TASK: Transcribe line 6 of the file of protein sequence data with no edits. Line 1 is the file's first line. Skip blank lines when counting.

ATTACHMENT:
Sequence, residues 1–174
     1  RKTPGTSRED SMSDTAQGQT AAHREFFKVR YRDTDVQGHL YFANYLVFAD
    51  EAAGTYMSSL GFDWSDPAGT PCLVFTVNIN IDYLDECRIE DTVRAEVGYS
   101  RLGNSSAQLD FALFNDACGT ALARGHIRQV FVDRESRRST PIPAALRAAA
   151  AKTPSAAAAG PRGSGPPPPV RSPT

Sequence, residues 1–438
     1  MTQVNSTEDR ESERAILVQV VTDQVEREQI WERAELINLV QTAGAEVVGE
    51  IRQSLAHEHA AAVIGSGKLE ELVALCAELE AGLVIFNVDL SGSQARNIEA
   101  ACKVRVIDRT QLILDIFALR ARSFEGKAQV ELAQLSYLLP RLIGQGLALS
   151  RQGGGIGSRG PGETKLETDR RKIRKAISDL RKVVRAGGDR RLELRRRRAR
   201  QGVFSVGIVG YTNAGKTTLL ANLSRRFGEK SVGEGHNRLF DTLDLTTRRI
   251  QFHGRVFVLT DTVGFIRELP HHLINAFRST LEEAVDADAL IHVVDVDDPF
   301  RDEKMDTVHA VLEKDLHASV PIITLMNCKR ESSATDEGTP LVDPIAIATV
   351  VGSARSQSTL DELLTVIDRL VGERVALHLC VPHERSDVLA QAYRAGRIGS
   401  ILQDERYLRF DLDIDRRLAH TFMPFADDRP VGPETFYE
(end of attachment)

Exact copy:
Sequence, residues 1–438